At every school talent show ever held, you will find three categories of human beings.
The first group consists of those fearless little souls who love the energy of the crowd. At my children’s school last month, it was a grinning pipsqueak of a 2nd grader I’ll call Ferris, his entire body vibrating to the music from the moment he grabbed the mic. After about 15 seconds, his electric stage presence had all 250 kids, parents, and teachers singing and clapping along to “I’m Still Standing.”
The second group of students is the silent majority sitting there in the audience, feeling a baffled combination of relief and envy at these performers who must surely be insane. The kids in this second group would never—not for $100 million or a working hoverboard—get up there in front of hundreds of people to sing, dance, and bare the embarrassing tapestry of their souls to an unpredictable crowd that could conceivably respond with cruelty or derision.
I understand these two groups of students. The kids in each group are acting logically, given their natures, either seeking or shunning the limelight. It’s the children in the third group who fascinate me: those brave kids who are terrified, yet get up there anyway. The girl in a duet who abandoned her partner out of stage fright, then ran back onto the stage halfway through the song, her face still streaked with tears, to a tidal wave of applause. Kindergartner James in his little suit, tears streaming down his face from the moment he began the song, his piping voice quavering with restrained sobs as he stood his ground and sang the entire song through to the end.
This third group—the truly courageous, who voluntarily do what is hardest for them—will always have my heart. Courage, in Army commercials or superhero movies, invariably looks reckless and fundamentally male: the mutants charging the giant robot alien against a backdrop of explosions and tough-guy banter.
The deeper courage I witness in my students has always been quieter and more private. An 8-year-old boy whose disability makes the process of reading excruciating, who keeps giving his full-hearted effort to decipher those dots and squiggles on the page anyway. A painfully shy 6-year-old girl, her voice rarely registering above a whisper, who suddenly stands up to a teacher in the lunchroom who unfairly punishes her best friend.
That’s the kind of bravery I see in the third group: these blushing, mortified, barely-holding-it-together kids. They would rather be anywhere else, doing anything else, but they have chosen to be here. What fascinates me is why they have made that choice.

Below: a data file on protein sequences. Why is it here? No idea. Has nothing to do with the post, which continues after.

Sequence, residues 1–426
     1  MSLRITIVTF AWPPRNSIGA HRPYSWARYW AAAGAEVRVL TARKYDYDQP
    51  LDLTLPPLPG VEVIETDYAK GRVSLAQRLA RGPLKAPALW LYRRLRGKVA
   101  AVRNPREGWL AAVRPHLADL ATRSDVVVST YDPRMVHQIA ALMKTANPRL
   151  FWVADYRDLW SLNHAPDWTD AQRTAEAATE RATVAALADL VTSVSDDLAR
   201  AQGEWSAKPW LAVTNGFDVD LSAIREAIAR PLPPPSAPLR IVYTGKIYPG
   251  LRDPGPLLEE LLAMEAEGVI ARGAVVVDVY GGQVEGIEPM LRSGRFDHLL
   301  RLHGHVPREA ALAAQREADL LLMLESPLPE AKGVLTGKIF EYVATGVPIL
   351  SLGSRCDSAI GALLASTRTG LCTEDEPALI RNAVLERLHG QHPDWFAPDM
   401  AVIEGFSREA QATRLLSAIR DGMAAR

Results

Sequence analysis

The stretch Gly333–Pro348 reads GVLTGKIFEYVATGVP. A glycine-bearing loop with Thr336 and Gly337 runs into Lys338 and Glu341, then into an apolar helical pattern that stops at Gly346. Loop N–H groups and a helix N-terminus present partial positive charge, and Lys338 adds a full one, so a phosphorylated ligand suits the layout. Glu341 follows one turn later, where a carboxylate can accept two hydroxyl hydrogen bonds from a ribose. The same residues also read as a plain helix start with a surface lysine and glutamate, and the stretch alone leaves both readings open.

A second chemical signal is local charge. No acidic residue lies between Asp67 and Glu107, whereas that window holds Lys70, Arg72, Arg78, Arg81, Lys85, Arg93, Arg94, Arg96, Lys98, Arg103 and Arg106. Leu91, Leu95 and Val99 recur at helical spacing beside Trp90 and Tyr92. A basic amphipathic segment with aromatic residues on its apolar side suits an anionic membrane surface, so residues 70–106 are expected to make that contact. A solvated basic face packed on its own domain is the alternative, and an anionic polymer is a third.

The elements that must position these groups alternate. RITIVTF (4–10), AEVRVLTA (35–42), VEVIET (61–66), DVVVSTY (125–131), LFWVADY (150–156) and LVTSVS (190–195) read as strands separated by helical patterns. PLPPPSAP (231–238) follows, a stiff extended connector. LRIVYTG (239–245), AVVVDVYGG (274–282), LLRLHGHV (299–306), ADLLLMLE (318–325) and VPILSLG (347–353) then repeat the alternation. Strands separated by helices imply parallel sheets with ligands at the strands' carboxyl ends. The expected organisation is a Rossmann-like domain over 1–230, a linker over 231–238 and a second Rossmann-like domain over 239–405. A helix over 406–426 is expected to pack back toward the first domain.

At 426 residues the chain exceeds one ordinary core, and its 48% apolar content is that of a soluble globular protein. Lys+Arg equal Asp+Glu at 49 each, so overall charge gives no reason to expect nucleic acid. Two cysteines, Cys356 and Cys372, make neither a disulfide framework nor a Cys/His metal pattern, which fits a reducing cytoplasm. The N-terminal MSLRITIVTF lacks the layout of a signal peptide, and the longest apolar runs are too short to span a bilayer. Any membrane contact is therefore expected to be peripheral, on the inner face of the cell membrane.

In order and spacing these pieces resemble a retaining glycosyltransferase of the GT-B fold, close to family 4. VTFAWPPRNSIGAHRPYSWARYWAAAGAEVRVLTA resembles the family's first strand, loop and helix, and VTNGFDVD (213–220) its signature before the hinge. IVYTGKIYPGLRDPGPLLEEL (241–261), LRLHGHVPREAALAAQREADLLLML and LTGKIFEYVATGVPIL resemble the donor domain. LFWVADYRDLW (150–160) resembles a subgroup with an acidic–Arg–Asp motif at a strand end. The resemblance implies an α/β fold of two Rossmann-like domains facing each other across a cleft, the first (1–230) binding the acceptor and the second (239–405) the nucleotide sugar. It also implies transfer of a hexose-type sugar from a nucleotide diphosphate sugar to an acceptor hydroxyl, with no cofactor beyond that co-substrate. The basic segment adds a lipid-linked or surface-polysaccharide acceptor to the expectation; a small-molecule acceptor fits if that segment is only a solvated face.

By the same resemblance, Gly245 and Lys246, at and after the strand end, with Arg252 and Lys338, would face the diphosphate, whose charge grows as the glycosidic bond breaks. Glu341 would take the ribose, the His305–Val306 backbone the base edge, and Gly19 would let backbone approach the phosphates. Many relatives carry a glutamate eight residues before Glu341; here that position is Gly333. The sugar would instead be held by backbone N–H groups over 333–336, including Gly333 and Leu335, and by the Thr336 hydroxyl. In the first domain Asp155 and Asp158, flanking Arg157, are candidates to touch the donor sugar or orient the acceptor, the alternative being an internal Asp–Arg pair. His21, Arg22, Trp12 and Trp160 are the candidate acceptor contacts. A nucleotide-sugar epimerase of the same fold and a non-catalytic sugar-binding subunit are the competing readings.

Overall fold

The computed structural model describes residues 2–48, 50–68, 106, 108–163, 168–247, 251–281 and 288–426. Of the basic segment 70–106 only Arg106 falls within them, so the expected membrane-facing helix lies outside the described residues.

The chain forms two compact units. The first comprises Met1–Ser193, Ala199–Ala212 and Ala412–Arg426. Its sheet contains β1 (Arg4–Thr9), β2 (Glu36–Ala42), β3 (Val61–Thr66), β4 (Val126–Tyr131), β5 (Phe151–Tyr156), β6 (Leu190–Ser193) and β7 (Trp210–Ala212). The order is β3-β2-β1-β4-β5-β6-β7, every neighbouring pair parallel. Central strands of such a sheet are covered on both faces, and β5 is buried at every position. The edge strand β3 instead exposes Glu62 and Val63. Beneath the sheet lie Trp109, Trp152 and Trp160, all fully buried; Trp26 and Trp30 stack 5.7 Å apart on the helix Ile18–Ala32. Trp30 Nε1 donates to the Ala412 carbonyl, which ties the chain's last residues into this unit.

I get the first group’s motivation. They crave the adoration of the crowd. Singing and dancing their hearts out before hundreds of people lights up their senses like a disco ball. I understand the second group’s decision to remain anonymously seated in the crowd, too. Why put yourself out there, knowing you’d just dread the countdown to the event and then hate it when the brutal moment arrived? But that’s exactly what the children in the third group have done. Why, despite their knowledge that getting up on that stage will be certain agony, do they nevertheless choose to do it?
For some of these inexplicably dauntless kids, maybe it sounded like a good idea back when they signed up. Reality sank in when they woke up the morning of the show with pterodactyl-sized butterflies in their stomachs, or when they walked that long gauntlet of squirming kindergartners and too-cool 5th graders, then turned to face the crowd.
For a few of those valiant children, though, I wonder if the explanation lies a little deeper. If they know what it takes most of us a long time to learn. That the true dragons we must slay never approach from distant skies, but roar and blaze raw terror from within ourselves. Maybe these children, even the youngest among them, know a hard truth: If they don’t step out onto that bleak and stony battleground, vulnerable and outmatched before the suffocating flame of devastating dragons, they’ll suffer a fate far worse than tears or embarrassment. They’ll end up huddled in some internal cave for however long it takes to summon the courage required when no one, with the lone exception of yourself, is coming to save you.
If they get up on that stage, it might all go wrong. The music could cut out halfway through their performance. Their voice might falter or break. The kids in the audience might laugh at them or, worse, look bored and applaud half-heartedly at the end. But if those catastrophes come to pass, they will have happened because of factors outside the kids’ control. The failure can be placed at the feet of the fates. Blame destiny, or bad luck.
But if these small souls prove too afraid to ever risk that humiliation, the failure will be their own. They may lose the ability to distinguish between what is truly terrifying and what is merely frightening. They might end up cowering before not only dragons, but dragonflies.
What group would you place yourself in? The natural performers, the meekly seated, or the scared yet courageous? Whatever your answer, we adults should follow the example of that third group of kids. Whether teachers or parents, we have witnessed firsthand the courage it takes to be fully yourself when all eyes are watching. To confront our own dragons, knowing the burns are real and victory is in no way assured. We can all be a little braver—as teachers, citizens, or moms and dads—because of the truth evident to anyone who has watched a school talent show: Fear is not the enemy of bravery, but the doorway through it.
The quavering songs and awkward gymnastic routines performed by this third group of brave, scared children are rarely the highlight, from a technical perspective, of the day’s performances. But when it comes to the imperfect courage of the human heart, their daunted yet unwavering valor will sing to us all for a long time to come.